Winter is the perfect time to explore the natural stone shelters where native Arkansans once lived
September 14 brings the release of two much-anticipated books with Arkansas ties. "Carry the Rock: Race, Football and the Soul of an American City" (Rodale, hardcover, $25.99) by Little Rock reporter Jay Jennings (formerly a reporter with Sports Illustrated) weaves the story of Bernie Cox's last winning season coaching the Central High football team with a nuanced, meticulously researched history of racial tension in Little Rock. And acclaimed novelist Rick Bass' "Nashville Chrome" (Houghton Mifflin Harcourt, hardcover, $24) offers a fictionalized account of Arkansas's first family of country, The Browns. The siblings Bonnie, Jim Ed and Maxine Brown, under the tutelage of Chet Atkins, achieved massive international success in the early '60s. Bass charts the band's rise, while looking back, through the eyes of a modern-day Maxine, as she dreams of returning to fame.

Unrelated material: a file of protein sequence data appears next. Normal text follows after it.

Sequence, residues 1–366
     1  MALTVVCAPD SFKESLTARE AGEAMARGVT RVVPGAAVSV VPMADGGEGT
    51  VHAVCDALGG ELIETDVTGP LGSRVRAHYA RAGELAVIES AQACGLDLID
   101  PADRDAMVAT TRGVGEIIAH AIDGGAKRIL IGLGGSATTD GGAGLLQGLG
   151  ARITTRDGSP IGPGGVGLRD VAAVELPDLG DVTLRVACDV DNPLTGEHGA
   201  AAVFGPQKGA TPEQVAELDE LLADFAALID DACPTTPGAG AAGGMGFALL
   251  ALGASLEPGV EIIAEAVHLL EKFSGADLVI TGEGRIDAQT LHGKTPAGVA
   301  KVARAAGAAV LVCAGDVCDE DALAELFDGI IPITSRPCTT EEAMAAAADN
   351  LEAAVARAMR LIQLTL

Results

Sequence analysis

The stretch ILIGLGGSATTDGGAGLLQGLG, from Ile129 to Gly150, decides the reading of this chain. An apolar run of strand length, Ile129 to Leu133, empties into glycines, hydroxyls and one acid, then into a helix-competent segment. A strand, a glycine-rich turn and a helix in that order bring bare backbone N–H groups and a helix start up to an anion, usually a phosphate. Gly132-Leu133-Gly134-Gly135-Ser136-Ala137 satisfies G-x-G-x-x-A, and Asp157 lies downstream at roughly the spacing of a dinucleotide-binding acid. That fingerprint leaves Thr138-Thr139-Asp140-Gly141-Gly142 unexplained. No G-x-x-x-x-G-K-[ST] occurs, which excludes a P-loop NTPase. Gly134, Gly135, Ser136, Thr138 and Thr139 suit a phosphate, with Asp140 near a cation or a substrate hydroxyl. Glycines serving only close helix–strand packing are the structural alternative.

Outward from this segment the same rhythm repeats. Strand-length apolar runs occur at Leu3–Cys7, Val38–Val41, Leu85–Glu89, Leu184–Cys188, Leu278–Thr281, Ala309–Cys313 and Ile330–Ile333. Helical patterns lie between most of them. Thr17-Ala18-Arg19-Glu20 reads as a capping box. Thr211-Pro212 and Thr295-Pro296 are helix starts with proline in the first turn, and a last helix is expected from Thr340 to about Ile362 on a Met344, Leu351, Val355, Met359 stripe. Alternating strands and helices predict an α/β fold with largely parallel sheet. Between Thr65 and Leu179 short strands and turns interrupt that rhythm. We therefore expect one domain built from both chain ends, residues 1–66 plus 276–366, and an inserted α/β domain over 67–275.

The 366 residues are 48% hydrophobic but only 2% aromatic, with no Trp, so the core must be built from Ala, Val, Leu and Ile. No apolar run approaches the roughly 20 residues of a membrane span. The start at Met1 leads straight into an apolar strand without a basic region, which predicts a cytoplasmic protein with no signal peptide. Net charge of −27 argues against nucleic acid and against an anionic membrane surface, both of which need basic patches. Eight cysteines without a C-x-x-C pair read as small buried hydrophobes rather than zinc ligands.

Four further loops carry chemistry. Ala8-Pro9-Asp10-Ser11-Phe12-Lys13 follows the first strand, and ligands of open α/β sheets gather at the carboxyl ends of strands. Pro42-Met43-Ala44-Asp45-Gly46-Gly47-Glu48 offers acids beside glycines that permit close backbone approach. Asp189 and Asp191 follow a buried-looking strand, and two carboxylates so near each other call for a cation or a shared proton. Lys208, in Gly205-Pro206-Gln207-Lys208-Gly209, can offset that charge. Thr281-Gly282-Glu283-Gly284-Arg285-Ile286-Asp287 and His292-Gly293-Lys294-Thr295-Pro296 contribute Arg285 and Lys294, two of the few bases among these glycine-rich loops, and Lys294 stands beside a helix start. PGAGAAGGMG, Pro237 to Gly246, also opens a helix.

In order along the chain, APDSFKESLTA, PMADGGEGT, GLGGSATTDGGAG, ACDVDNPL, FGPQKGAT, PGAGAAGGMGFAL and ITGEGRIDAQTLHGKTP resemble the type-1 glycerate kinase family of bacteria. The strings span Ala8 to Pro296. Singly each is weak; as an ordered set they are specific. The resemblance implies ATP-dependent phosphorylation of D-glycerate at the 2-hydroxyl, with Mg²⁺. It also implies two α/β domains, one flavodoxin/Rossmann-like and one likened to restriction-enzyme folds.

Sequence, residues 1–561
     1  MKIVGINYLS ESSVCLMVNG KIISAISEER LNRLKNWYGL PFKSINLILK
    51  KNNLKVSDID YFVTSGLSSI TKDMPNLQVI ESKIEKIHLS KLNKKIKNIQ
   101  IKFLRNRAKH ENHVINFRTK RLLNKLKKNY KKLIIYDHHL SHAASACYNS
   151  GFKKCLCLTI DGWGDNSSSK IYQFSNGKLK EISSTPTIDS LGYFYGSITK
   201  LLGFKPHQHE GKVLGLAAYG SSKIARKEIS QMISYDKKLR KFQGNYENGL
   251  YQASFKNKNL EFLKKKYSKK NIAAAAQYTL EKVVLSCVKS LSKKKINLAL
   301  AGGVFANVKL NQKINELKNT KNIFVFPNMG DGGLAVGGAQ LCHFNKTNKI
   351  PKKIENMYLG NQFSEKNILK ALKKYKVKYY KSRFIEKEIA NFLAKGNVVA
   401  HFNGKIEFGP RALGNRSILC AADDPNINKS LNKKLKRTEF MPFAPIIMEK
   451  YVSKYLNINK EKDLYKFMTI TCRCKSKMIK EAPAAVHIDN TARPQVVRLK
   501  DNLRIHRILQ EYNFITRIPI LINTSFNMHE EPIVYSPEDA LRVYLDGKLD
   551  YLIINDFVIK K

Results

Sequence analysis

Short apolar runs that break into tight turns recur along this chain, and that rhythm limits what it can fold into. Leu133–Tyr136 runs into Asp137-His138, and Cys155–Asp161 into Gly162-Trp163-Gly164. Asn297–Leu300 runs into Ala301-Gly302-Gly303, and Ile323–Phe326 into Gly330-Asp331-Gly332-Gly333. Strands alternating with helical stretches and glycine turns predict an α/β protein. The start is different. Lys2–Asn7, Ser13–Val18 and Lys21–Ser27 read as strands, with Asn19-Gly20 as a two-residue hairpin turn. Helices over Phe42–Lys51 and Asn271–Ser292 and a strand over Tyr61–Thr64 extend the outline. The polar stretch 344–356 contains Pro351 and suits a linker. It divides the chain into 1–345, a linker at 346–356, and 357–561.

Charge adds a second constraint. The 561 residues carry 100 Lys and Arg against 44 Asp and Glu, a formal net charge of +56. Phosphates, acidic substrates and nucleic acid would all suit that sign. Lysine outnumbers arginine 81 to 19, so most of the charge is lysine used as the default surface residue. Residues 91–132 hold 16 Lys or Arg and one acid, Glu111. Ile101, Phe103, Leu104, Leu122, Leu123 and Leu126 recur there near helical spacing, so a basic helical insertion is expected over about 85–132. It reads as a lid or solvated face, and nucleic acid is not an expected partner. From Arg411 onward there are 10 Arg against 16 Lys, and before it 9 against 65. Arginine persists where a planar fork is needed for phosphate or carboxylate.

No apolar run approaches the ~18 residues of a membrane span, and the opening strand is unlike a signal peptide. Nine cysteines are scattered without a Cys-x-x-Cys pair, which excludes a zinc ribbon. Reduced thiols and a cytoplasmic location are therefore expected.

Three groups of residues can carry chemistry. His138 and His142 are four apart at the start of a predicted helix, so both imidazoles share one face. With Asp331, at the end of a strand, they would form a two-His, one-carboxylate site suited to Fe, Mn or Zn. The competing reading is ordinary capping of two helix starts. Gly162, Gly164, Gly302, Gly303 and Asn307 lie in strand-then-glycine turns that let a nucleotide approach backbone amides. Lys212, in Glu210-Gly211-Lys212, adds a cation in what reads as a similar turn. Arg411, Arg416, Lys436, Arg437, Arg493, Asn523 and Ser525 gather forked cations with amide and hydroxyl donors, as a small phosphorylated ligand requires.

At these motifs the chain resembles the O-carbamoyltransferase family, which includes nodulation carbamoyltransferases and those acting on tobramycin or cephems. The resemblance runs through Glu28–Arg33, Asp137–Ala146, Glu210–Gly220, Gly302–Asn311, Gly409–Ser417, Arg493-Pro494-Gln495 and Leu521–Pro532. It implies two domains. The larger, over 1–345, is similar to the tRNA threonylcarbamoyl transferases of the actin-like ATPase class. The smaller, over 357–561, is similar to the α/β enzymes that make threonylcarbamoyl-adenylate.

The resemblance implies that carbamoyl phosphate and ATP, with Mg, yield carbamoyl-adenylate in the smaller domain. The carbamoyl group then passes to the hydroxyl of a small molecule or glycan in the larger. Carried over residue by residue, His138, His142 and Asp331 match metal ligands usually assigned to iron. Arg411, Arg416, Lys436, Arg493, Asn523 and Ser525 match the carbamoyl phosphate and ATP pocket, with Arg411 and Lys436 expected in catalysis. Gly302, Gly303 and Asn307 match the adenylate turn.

Looking ahead a little farther, John Grisham's umpteenth courtroom novel, "The Confession" (Doubleday, hardcover, $28.95), hits bookstores on Oct. 26. It's about a killer who finds unexpected resistance, when, late in life, he decides to confess a brutal crime for which another man is scheduled to be executed. In the meantime, there's always Grisham's first young adult novel, "Theodore Boone: Kid Lawyer."
Even farther down the road: The follow-up to the story collection "The View from the Seventh Layer," by Little Rock novelist Kevin Brockmeier, has a release date. It's a novel called "The Illumination" (Pantheon, hardcover, $24.99). Here's a teaser: "What if our pain was the most beautiful thing about us? In the aftermath of a fatal car accident, a private journal of love notes written by a husband to his wife passes into the keeping of a hospital patient, and from there through the hands of five other suffering people, touching each of them uniquely."
Hendrix College announced its 2010-11 public events calendar last week. Its slate of authors, which last year included Art Spiegelman and Francine Prose, is equally impressive this year. Short short fiction master Lydia Davis is scheduled on Oct. 28 in what's billed as "An Evening of Humor with Lydia Davis." And wunderkind novelist and essayist Jonathan Safran Foer ("Everything Is Illuminated," "Extremely Loud and Incredibly Close"), recently named one of the New Yorker's "20 under 40" novelists, comes to campus on Nov. 18 for a program called "Why Jews Laugh at Things That Aren't Funny."